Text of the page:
In addition to winning warfare tactics, survival entailed acquiring adequate food and shelter, and maintaining health. Wild hogs rooted through the forests and with Nanny’s special powers to call them, pork became a diet staple. Preparing the meat with a dry rub mixed from local plants, they cooked it slowly with minimal fire―jerk pork. During favorable conditions, the Maroons cultivated maize and other edibles. Nevertheless, food scarcity remained an ever-present threat and during one period of near starvation, Nanny reputedly went to Pumpkin Hill where she prayed and called on the ancestors. Following her invocations, she discovered pumpkin seeds in her pockets, which she planted and harvested in less than a week.
With every plant considered sacrosanct, the fugitives relied on native palm fronds to construct dry shelters. But still the pervasive dampness and lack of nutritious food often contributed to ill health. To address this, Nanny combined her mastery of herbs with the Kromanti ceremony, wherein she called upon the ancestors to drive out the foul spirits lodged within the sick person.
At its height, Nanny Town consisted of approximately 400-500 individuals holding out against the 18th century’s best army while incurring few casualties of their own. Then in 1734, the red coats finally took Nanny Town. Although the Maroons suffered more casualties than usual, their abeng warning system allowed them to abandon the town before the soldiers arrived and establish a New Nanny Town several miles away. Bolstered by capturing the infamous town, the colonial forces made overtures for peace, hoping to put an end to their losses from both skirmishes and escaped slaves. The Maroons rebuked the offer.
A few years later in 1739, a situation arose that pressured Nanny’s group to reconsider. The Leeward Maroons, from the western side of the island, had entered into a peace treaty with the British that obliged the Leewards to now pursue and attempt to capture the Windwards. Knowing that would be detrimental to their survival, Nanny’s people reluctantly agreed to an accord for peace and their independence. Some sources say Nanny never assented―not trusting the whites and believing she already had her freedom―and others say she eventually came around believing it in the best interests of her people. In any event, she did not sign the document.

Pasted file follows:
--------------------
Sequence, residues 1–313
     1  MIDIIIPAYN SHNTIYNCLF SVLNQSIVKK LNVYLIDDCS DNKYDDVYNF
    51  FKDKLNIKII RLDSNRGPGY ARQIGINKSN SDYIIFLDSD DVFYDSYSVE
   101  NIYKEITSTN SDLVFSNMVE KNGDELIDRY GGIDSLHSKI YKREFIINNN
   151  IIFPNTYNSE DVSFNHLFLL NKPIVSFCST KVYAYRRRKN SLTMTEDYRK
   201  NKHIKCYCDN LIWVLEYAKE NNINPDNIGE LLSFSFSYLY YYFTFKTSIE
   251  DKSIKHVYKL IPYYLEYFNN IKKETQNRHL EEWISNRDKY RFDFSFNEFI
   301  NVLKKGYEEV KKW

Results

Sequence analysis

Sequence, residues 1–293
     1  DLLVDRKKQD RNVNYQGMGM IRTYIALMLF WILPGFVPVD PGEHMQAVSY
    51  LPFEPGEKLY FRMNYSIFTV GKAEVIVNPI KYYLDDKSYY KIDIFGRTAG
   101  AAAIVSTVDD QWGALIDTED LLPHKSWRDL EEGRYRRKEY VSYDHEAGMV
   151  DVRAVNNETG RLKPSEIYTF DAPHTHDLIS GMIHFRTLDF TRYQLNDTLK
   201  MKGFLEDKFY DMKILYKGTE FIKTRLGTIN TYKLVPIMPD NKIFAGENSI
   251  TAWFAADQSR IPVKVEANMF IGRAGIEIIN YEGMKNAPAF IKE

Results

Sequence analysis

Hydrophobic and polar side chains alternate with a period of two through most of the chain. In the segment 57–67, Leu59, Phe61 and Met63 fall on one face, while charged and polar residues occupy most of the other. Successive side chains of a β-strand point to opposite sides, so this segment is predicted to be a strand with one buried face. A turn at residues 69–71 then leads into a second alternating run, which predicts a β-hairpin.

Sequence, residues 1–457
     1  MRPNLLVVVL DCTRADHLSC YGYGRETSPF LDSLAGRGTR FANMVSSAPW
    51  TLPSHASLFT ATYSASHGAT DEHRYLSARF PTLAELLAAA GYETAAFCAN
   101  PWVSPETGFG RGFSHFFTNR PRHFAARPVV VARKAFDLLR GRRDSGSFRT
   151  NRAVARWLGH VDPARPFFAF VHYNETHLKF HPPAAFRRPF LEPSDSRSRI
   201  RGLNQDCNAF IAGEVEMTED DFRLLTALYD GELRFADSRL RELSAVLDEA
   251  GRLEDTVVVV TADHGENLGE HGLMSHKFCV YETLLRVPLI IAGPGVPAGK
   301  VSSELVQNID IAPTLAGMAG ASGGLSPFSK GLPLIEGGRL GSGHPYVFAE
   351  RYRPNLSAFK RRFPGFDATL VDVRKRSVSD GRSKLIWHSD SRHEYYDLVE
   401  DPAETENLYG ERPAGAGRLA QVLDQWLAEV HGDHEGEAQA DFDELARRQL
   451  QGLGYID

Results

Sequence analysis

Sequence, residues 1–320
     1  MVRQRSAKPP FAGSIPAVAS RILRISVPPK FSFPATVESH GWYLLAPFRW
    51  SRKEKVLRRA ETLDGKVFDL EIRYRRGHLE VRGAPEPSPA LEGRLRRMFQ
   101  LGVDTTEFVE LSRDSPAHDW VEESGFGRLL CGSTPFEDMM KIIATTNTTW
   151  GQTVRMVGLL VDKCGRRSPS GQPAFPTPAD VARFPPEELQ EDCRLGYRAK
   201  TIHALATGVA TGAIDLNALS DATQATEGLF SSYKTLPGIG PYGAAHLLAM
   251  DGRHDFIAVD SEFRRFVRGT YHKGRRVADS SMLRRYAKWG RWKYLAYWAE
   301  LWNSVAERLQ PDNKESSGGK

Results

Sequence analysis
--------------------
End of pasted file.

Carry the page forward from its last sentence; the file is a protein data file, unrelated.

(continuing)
In a remarkable move―and perhaps fearing her powerful Science― the British Crown granted “Nanny and the people residing with her and other heirs . . . a certain parcel of land containing five hundred acres.” They granted her land as they did white settlers. The document attests to Nanny’s existence and the location where the Windward Maroons built their community, called Moore Town. To this the colonizers added another 500 acres for the Windward Maroons, free of government interference and taxation per the terms of the settlement. In exchange the British exacted the Maroons’ services in suppressing slave rebellions. By signing, the Maroons agreed to capture and return runaway slaves―perhaps another reason Nanny refused to sign.
After her land grant, Nanny disappeared from the public eye for the next 200 years, until 1976, when Jamaica named her one of its National Heroes. Although there is no record of what she actually looked like, Jamaica introduced an image of her on its 500-dollar bill.
It is believed Nanny was approximately 75 years old when she died sometime around 1755―some 250 years after the imperialist countries first began enslaving Africans in Jamaica. It took another 80 years after Nanny’s death, or until 1834, for slavery to be abolished in Jamaica, with full emancipation in 1838. This defiant mystical woman, who listened and spoke to spirits both past and present, along with her brave and devoted Windward Maroons, played an important part in the long journey toward the eventual ending of the shameful and brutal subjugation of African-Jamaican people.
Bilby, Kenneth M., True-Born Maroons, University Press of Florida (2005).
Gottlieb, Karla, The Mother of Us All, A History of Queen Nanny, Leader of the Windward Jamaican Maroons, Africa World Press (2000).
Brown, DeNeen L., Kamala Harris’s dad was from Jamaica, where a fierce woman warrior once fought slavery, The Washington Post (Aug. 19, 2020).
Anderson, Roy T., Queen Nanny – Legendary Maroon Chieftain, Producer: Fuller, Harcourt T., Action 4 Reel Filmworks, LLC (2015).
4 thoughts on “JAMAICA’S BLUE MOUNTAIN QUEEN – GRANDY NANNY (ca. 1680-1755)”
Good intro, and an amazing, wild story. Thank you for writing about Grandy Nanny!
as always i am truely inspired that such tales exist and women are honored. keep digging them out justine! we need heroes
always so well written and always fascinating. thank you!
I love this…so interesting. Thanks Justine!